With one eye overlarge and blank, Asterios embodies the sudden liberation from a binocular view of the world to a monocular one. Instead of eliminating depth, this change announces his release from a crippling philosophical orientation towards duality as a psycho-cognitive fixation. Thus ridded of his physiognomic capacity for a parallax view, Asterios seems able to achieve with Hana the very human depth that binocularity was supposed to afford.
Only here, at the end, can Asterios come to her, like Noguchi the dead cat that Hana eulogizes for going to her while it was dying “like he was trying to comfort me” (emphasis in the original). These final intimacies are heightened by Mazzucchelli’s composition of the entangling tails of their speech bubbles (formerly another instantaneously recognizable difference between them). With their hands nearly touching on the couch, the two enjoy the tranquility of a self-conscious ending. Indeed, the graphic novel is so anxious about the end that it includes a scene of their two faces, speaking the words “rest in peace” in a conjoined speech balloon that is doubly framed: it is rectangular (as are all of Asterios’s balloons) as well as circular (as are all of Hana’s). But while the framing of the balloon fuses the two distinct styles, the lettering of “rest in peace” is in an altogether new style, a tertium quid of script not seen before in the text.
All omens presage the doom that comes after a few more pages and a series of three exterior shots of the cabin in the woods, pictured further away with each iteration. In the first of the three panels, we know by virtue of balloon shape and font style that Hana says “This is nice” followed by Asterios’s rectangular reply of “What’s that noise?” One more page turn reveals a two-page spread of a fiery meteor on a crash course for our couple’s serene cabin.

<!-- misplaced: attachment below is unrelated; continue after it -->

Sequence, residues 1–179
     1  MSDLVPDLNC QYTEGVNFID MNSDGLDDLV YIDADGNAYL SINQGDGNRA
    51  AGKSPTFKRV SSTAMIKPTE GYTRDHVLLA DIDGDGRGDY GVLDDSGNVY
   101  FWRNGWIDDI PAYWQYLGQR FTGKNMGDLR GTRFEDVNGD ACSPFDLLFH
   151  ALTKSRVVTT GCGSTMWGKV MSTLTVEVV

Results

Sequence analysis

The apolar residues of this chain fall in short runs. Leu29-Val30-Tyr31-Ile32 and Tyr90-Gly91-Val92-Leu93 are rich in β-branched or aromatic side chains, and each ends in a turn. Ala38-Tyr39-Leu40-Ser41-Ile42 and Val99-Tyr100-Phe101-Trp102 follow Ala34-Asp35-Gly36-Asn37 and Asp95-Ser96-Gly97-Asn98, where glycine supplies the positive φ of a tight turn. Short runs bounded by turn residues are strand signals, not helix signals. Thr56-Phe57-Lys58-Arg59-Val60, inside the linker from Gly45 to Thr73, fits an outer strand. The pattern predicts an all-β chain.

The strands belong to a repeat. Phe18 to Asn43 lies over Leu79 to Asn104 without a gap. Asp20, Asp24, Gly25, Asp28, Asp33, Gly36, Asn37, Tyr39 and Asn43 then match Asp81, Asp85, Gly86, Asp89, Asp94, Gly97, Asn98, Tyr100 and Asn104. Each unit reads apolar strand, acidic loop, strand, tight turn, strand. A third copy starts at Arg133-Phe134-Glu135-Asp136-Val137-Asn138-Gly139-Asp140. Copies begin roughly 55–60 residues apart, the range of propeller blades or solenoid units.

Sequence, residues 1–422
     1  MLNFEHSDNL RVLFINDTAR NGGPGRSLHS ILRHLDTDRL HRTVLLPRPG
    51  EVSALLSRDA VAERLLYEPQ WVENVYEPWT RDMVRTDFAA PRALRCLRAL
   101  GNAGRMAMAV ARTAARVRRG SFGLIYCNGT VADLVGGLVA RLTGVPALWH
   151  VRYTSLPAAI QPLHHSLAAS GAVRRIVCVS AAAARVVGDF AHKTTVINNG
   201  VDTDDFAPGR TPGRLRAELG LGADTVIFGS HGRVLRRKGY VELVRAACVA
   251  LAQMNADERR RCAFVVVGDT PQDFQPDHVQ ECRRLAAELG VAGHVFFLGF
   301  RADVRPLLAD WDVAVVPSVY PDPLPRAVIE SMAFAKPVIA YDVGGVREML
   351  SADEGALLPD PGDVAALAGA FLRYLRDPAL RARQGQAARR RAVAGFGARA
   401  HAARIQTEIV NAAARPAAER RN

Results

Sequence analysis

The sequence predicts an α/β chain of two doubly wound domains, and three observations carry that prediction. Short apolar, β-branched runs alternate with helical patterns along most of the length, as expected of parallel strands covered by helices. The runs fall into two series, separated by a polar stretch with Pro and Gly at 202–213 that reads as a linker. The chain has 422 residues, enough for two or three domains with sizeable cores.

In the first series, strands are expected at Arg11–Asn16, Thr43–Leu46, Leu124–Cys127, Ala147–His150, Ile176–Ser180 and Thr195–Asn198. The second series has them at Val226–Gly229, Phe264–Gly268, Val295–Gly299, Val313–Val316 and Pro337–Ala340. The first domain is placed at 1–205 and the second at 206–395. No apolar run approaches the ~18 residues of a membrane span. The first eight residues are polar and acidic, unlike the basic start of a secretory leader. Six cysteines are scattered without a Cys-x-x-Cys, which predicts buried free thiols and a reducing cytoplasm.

That two-page spread conveys one ending of Asterios Polyp. It is an apocalypse that has been heralded by the symbolic crater found in the middle of the book, which is both a literal and symbolic aporia, calling attention to all the other gaps in the text. One earlier breach that this one re-calls punctuates Asterios’s encounter with Spotty Drizzle, or Steven, at the diner, in which the doomsday prognosticator informs the group of an asteroid “A few years ago, one about the size of a house [that] whipped past us – just sixty thousand miles from Earth – and nobody saw it till the day before!” And to ensure that readers will not miss this cue of instruction, Mazzucchelli brings us in close on the oracle’s perspiring face as he warns: “Somebody’s gotta be prepared. Somebody’s gotta be on the lookout.” As readers of this narrative, we ought to be that somebody; we must become lookouts and cautious watchers of the stars.
For more, see the rest of my introduction–Reading Lessons in Seeing
emphasis on singularity and time, giving the impression that March will take as its titular concern the experience of one exceptional man who made history, marching against its grain so to speak. And yet, even as Lewis is proposed by this effect
This essay was originally published in a more expanded form in…
“On the Nature of the Boundary in Comics Memoir: TheCase of March.” In Comics an der Grenze: Sub/Versionen von Form und Inhalt, eds. Matthias Harbeck, Linda-Rabea Heyden, and Marie Schröer. Berlin: Bachmann, 2016. 31-40.